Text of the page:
Aerial view showing Wapta Mountain with the main Burgess Shale sites

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Introduction

High on a mountain ridge in Canada’s spectacular Yoho National Park in British Columbia is one of Earth’s most important fossil deposits: the Burgess Shale. Preserved with exquisite detail within the rock layers for the last half-billion years are the remains of soft-bodied and often bizarre animals and algae dating from the Cambrian period.

By studying the fossilized remains of animals such as Anomalocaris, Opabinia, and Marrella, your students are able to explore the circumstances leading to the formation of such unusual fossils, reconstruct Cambrian food webs, examine the Earth’s first great predators and the concomitant evolution of new defensive structures, and discover the origin of the diversity of modern animals.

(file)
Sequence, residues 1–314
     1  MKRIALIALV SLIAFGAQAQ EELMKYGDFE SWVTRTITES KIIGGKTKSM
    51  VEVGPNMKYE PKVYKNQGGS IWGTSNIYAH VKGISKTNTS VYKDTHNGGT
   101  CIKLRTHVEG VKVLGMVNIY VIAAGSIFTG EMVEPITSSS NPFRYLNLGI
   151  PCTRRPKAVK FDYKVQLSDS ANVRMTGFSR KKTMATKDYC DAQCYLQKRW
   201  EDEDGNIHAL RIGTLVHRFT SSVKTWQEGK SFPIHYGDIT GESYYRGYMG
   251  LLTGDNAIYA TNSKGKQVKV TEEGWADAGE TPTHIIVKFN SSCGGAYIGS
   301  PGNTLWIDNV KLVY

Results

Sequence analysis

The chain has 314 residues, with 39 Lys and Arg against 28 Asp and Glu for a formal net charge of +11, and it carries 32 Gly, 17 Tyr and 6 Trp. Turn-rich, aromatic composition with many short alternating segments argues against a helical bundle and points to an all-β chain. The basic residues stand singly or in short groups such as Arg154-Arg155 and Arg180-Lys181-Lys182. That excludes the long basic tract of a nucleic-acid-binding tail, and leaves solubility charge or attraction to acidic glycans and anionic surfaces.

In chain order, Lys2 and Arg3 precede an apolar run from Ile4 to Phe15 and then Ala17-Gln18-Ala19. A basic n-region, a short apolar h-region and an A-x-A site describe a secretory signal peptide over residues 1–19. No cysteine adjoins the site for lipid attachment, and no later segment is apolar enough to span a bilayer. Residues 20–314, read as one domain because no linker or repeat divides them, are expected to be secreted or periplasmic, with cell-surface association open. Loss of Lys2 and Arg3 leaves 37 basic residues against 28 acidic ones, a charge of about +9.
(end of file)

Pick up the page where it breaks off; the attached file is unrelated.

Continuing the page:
The historic explorations connect events, places and people which made the discovery of the Burgess Shale possible. It also looks into a technological innovation, in this case the panoramic camera and its application. Your students are invited to reflect on the significance and implications of the connections.


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